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GAA Football

Cavan captain Killian Clarke keeps it cool ahead of tough Tyrone test

Cavan's Killian Clarke takes on Niall Sludden of Tyrone in the Dr McKenna Cup opener this year. Pic Philip Walsh

THE ice strapped to the back of Killian Clarke's left calf could almost have been picked off the Castleblayney pitch – and he wasn't sweating about the prospect of taking on Tyrone either.

The Cavan captain knew his side should probably have beaten old rivals Monaghan in the second round of the Allianz Football League on Sunday, instead having to settle for just their first point back in Division One after a 0-7 to 0-7 draw.

However, even though the Red Hands thrashed Cavan in their Ulster SFC semi-final replay last year, and almost beat All-Ireland and League champions Dublin on Saturday night, Clarke remains upbeat about his county's chances when they travel to Tyrone in round three on February 26.

Although Mickey Harte's men came close to ending Dublin's long unbeaten run in League and Championship, Clarke pointed out that the Dubs were far from full strength, either in personnel or in terms of preparation:

"Tyrone set up very well defensively and we ran into that a good bit last year.

"But Dublin were on holidays in Jamaica up to a few weeks ago so I don't think you can read too much into it at the same time."

Cavan can look back with some confidence at their first few performances against Tyrone last year, only losing narrowly in Omagh in Division Two, being competitive in the Division Two final, then drawing in their first meeting in the Ulster SFC. They also shocked them in this year's McKenna Cup opener.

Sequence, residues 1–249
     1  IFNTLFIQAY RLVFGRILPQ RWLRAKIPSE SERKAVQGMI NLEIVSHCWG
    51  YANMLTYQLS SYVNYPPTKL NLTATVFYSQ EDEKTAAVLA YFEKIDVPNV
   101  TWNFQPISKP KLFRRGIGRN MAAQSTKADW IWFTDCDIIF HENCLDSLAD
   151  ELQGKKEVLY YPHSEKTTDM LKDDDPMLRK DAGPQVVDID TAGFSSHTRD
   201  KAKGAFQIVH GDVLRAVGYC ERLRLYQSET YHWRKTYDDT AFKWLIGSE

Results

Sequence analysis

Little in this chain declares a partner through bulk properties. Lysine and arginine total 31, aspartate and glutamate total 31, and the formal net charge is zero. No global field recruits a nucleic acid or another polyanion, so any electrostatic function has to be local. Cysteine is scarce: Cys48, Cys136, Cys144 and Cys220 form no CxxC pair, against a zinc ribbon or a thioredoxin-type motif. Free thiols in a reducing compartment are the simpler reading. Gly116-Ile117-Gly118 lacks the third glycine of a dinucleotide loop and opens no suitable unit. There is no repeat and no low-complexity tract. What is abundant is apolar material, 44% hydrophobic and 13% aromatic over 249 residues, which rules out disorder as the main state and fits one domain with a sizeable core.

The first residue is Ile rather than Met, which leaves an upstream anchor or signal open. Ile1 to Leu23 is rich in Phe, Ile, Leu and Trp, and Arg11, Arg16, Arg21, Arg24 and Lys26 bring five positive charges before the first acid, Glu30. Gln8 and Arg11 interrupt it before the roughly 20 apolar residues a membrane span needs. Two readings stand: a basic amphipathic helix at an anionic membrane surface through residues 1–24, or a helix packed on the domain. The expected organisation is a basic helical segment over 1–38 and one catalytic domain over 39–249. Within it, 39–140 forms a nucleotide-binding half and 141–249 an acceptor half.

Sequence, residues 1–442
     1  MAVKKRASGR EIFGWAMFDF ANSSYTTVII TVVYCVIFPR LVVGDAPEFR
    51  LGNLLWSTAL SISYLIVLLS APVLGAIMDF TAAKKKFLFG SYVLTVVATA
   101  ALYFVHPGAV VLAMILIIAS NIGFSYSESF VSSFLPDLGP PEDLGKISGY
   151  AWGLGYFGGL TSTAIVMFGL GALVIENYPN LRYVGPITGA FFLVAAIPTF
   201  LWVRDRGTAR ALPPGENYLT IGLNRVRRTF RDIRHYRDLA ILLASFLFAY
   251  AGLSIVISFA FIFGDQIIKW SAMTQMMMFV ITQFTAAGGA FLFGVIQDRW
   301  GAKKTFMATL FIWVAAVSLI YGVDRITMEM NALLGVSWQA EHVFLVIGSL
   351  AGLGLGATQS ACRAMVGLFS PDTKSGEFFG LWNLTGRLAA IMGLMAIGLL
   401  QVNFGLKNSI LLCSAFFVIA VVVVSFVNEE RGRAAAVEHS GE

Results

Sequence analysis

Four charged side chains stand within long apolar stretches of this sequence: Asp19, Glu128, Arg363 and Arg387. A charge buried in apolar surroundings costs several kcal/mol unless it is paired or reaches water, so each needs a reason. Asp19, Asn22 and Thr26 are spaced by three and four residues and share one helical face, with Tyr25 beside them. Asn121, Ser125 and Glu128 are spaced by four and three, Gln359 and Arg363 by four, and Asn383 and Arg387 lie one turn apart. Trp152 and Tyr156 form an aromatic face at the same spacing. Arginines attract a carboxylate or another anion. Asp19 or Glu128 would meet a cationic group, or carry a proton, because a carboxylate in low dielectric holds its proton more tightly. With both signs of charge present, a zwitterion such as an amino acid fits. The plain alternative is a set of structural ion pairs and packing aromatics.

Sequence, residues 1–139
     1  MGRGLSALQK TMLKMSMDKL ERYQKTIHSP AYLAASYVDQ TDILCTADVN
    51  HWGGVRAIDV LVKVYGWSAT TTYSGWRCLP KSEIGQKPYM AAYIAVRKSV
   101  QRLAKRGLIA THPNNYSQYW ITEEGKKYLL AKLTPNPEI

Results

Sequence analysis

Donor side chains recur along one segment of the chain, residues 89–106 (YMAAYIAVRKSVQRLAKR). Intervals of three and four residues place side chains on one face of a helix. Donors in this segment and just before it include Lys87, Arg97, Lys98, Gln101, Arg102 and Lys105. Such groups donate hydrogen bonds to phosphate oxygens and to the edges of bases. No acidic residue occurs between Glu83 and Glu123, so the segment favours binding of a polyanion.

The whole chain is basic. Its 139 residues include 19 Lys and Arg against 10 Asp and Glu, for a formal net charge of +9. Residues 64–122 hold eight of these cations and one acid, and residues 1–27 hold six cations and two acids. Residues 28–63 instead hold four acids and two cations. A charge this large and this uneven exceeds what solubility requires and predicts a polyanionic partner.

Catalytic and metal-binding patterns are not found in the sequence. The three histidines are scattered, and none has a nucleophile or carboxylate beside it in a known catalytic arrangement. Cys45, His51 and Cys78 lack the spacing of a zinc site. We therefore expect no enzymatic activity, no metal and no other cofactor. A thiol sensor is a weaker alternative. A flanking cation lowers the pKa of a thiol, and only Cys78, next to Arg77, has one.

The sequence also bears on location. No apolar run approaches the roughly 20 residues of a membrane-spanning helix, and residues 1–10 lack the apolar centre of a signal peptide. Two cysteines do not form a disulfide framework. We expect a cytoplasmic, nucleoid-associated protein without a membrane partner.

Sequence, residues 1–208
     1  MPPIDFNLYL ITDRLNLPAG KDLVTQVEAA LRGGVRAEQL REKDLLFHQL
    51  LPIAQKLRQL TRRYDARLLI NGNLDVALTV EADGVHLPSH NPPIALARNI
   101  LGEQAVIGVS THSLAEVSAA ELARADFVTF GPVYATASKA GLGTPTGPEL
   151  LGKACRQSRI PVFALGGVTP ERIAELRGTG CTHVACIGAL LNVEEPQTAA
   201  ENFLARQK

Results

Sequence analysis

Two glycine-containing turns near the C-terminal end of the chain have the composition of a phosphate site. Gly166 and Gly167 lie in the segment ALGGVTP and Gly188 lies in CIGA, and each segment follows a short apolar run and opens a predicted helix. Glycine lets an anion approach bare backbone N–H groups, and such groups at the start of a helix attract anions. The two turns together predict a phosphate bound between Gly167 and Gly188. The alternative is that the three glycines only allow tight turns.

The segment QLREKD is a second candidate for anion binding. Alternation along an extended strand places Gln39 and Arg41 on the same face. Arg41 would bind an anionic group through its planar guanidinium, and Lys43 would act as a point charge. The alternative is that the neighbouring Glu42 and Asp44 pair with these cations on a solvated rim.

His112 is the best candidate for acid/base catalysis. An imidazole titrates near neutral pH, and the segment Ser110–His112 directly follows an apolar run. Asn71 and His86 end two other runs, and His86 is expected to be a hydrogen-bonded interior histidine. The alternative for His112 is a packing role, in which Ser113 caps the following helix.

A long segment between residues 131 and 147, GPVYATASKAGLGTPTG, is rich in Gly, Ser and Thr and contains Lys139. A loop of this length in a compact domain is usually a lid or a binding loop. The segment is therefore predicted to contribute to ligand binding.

Clarke recalls how they plundered three goals in the first Ulster semi-final meeting, to force a draw: "The first day [in the Championship] we recognised that they were weak under high ball and David Givney took full advantage of that and he caused mayhem on Ronan McNamee inside.

"Even though Justin McMahon was sitting in front, the two boys were simply not able to cope.

"We analysed it after that for the replay and we felt that we needed to push up a wee bit and attack which meant that if we got turned over up the field there was going to be holes behind us and they just went through us like we were a sieve. We will learn from that and we will push on this year."

Dublin, who had deployed almost a third string side to win the pre-League O'Byrne Cup in Leinster, cruised to a comfortable seven-point victory away to Cavan in the Division One opener this year, but Clarke had an explanation for that:

"We showed Dublin too much respect the last day, we stood them off them a wee bit more than we should have and we might have been too defensive, but we went out and attacked the game today.

"We probably did not bring that intensity last week [against Dublin] and if you don't bring intensity you are not going to win too many games."

Cavan could have picked up a victory in Castleblayney but Clarke accepted they were much too wasteful, registering 10 wides and dropping almost as many shots short: